Tokyo: Japan said on Wednesday that decommissioning
the tsunami-wrecked reactors at Fukushima could take as long
as 40 years, with melted nuclear fuel possibly stuck where it
is for a quarter of a century.
A roadmap produced by the government and plant operator
Tokyo Electric Power (TEPCO) envisages engineers will use much
of the next 10 years just trying to work out how to get at the
fuel, which has partly eaten through its containment vessels.
Underlining the challenges involved in dealing with the
disaster, the plan says that as-yet uninvented technology will
be key to safely disposing of the waste left behind by the
world`s worst nuclear accident since Chernobyl.
"Each and every one of the steps toward decommissioning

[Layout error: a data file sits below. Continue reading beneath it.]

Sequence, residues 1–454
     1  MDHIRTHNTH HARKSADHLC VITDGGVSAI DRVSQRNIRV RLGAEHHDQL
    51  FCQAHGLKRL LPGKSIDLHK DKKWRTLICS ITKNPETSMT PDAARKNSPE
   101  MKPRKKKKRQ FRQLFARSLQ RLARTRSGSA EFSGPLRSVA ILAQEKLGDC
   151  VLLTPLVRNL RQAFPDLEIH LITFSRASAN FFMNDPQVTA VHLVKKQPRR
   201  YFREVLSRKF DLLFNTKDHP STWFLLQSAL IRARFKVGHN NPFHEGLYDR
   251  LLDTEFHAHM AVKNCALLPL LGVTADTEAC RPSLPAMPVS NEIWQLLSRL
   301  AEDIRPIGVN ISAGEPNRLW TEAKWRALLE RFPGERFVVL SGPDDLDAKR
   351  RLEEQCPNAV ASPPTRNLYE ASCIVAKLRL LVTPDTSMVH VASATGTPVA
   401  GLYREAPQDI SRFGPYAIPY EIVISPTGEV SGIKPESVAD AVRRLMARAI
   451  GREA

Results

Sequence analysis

currently poses many technological challenges," said Goshi
Hosono, the government minister with responsibility for
dealing with the Fukushima disaster.
"We expected extremely difficult work to remove fuel
debris (from the reactors). We must accelerate work to develop
technologies, particularly remote control robots," he told
"We will gradually make progress by assessing both the
situation on site and the state of research and development
work," he said.
The unveiling of the plan comes days after Prime Minister
Yoshihiko Noda announced the stricken reactors on Japan`s
tsunami-ravaged northeast coast had reached a state of "cold